1917 August 11

“Kaiser Wilson” – Suffragists Picket White House


Militant suffragists, led by Alice Paul, demanding a constitutional amendment that would grant women the right to vote picketed the White House on this day. Some carried signs that denounced President Woodrow Wilson as “Kaiser Wilson.” The United States had declared war against Germany, on April 6, 1917, and anti-German and anti-radical hysteria quickly swept the country. In that context, equating the president with the German Kaiser was particularly inflammatory. It is remarkable that the suffragists carrying the sign were not arrested and prosecuted under the Espionage Act for interfering with the war effort.

The “Kaiser Wilson” poster provoked attacks by four anti-feminists who physically attacked some of the protesters and tore up two of their signs. The police did nothing to stop the attacks, did not arrest the assailants, but eventually ordered the crowd to move on. Finally, on August 17th, six suffragist demonstrators were arrested.

Alice Paul had begun her militant campaign for a suffrage amendment on March 3, 1913, and the effort intensified in early 1917 (see January 10, 1917). She and other suffragists were arrested for picketing the White House on October 20, 1917, and were brutalized while confined in the city’s workhouse (November 15, 1917). The publicity evidently embarrassed President Wilson, and he finally reversed his position and publicly supported a constitutional amendment granting women the right to vote on January 9, 1918.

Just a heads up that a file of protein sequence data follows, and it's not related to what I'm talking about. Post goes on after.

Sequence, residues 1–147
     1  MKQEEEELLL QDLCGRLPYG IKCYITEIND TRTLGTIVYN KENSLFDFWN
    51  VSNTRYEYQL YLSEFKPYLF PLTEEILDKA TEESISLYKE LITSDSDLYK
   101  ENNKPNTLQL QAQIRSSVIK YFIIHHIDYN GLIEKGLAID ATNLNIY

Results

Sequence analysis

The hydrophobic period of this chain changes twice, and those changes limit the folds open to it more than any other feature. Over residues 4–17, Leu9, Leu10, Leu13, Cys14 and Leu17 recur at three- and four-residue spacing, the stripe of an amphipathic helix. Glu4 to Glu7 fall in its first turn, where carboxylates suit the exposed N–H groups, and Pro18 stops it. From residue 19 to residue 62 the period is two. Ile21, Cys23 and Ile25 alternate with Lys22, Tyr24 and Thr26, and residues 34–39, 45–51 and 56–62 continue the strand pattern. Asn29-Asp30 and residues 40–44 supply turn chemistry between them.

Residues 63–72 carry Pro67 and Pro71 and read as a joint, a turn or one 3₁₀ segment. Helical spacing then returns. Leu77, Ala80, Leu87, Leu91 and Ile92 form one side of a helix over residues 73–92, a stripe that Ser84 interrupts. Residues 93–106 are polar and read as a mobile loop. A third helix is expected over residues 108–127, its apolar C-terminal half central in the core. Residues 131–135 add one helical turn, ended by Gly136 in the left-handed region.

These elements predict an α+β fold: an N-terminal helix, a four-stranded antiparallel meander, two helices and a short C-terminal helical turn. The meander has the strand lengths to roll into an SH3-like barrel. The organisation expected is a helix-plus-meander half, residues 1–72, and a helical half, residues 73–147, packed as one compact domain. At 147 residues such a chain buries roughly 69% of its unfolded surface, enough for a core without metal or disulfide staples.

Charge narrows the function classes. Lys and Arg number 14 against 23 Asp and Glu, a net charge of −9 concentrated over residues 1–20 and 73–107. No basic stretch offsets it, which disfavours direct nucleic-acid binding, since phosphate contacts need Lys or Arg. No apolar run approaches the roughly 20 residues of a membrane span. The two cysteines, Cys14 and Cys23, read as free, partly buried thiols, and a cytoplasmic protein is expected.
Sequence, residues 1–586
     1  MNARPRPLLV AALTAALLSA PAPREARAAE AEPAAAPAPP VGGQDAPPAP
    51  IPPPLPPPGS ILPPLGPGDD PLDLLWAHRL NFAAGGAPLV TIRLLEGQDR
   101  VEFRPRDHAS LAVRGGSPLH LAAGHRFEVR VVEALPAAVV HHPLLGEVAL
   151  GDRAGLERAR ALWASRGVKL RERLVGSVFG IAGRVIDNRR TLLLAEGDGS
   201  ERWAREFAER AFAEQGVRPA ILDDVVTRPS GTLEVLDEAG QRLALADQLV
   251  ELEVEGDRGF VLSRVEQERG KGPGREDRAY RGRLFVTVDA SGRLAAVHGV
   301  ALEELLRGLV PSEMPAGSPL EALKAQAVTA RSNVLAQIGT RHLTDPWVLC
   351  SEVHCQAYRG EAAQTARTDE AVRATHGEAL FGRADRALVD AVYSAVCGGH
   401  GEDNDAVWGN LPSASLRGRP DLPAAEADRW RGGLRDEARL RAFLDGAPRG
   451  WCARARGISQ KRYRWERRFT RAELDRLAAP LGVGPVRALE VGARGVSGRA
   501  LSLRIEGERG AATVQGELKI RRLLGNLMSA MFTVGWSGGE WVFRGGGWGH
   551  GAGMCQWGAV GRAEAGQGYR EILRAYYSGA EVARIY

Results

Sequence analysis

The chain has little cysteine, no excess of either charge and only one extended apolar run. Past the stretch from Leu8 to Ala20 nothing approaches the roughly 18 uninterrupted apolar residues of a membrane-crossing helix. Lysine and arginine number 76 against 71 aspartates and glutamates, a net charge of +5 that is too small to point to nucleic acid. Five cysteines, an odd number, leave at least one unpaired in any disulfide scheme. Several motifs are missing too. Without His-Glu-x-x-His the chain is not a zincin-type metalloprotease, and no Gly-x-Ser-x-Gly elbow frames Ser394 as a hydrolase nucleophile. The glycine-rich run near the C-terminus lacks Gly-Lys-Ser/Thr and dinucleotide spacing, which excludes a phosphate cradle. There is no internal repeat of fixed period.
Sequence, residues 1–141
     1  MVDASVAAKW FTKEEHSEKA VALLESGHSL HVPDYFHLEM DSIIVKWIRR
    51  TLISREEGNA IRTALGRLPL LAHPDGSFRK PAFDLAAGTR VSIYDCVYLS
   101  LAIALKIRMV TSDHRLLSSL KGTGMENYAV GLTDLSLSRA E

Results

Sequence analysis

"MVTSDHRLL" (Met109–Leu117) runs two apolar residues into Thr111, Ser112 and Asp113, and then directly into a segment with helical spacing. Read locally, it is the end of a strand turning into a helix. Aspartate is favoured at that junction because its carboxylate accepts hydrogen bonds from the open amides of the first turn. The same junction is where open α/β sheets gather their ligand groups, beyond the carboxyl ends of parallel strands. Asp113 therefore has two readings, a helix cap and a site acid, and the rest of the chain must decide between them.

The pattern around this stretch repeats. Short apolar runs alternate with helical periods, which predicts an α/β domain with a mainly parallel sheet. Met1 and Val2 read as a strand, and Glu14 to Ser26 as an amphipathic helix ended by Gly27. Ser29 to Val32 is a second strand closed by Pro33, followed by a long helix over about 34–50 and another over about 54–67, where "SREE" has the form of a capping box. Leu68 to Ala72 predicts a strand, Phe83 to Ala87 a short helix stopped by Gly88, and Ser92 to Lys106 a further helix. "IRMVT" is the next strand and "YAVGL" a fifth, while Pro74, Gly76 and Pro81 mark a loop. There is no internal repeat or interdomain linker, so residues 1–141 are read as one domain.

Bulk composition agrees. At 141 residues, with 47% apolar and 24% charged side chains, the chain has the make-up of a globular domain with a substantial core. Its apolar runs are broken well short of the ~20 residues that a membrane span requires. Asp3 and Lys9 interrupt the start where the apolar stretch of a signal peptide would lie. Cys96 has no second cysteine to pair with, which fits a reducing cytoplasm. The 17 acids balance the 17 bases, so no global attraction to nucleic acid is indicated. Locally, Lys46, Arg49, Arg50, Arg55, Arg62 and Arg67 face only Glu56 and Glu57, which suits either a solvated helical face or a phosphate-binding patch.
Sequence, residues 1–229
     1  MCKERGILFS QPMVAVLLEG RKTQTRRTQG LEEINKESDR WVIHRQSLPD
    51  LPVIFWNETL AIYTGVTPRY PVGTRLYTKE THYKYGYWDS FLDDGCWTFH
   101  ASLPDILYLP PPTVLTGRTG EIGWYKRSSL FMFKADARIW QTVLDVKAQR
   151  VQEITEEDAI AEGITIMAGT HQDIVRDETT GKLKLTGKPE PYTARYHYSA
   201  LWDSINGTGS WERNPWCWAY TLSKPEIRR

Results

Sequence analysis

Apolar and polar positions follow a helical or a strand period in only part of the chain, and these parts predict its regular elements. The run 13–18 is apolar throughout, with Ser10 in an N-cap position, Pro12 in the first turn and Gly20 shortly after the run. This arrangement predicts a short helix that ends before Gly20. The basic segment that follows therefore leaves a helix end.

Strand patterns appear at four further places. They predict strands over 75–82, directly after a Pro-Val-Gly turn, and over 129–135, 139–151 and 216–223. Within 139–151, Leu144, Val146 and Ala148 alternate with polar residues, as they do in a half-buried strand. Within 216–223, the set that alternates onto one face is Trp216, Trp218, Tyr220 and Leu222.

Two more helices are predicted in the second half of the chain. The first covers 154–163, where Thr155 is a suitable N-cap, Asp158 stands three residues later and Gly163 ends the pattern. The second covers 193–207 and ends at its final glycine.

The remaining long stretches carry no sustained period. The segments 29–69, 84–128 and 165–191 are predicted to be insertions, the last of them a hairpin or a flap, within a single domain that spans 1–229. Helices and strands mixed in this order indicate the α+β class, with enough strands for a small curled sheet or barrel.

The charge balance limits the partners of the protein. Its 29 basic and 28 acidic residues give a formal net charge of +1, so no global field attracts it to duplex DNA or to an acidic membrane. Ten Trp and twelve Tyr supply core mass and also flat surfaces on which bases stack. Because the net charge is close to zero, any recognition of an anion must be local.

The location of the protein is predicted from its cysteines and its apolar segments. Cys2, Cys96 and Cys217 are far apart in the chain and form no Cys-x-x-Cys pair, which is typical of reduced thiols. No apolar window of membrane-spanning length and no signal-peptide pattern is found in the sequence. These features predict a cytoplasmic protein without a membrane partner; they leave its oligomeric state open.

The Nineteenth Amendment to the Constitution was ratified on August 18, 1920, and women voted in all state and national elections, including the election for president,  for the first time on November 2, 1920.

Alice Paul is also famous for drafting and introducing the Equal Rights Amendment, which would have granted equality to women (July 21, 1923). The ERA was voted on several times in the 1940s and 1950s, but never secured the required number of votes for a proposed Constitutional amendment. In a very different political climate, it passed Congress on March 22, 1972, and was sent to the states for ratification. After quickly securing a number of state ratifications, however, it ran into fierce neo-conservative opposition and died.

See a photograph of the famous “Kaiser Wilson” sign: http://www.archives.gov/education/lessons/woman-suffrage/kaiser-wilson.html

Read Paul’s biography: Mary Walton, A Woman’s Crusade: Alice Paul and the Battle for the Ballot (2010)

Read Paul’s Oral History interview: http://content.cdlib.org/ark:/13030/kt6f59n89c/

Watch the film about Alice Paul and her protests: Iron Jawed Angels (2004) (with Hilary Swank as Alice Paul)

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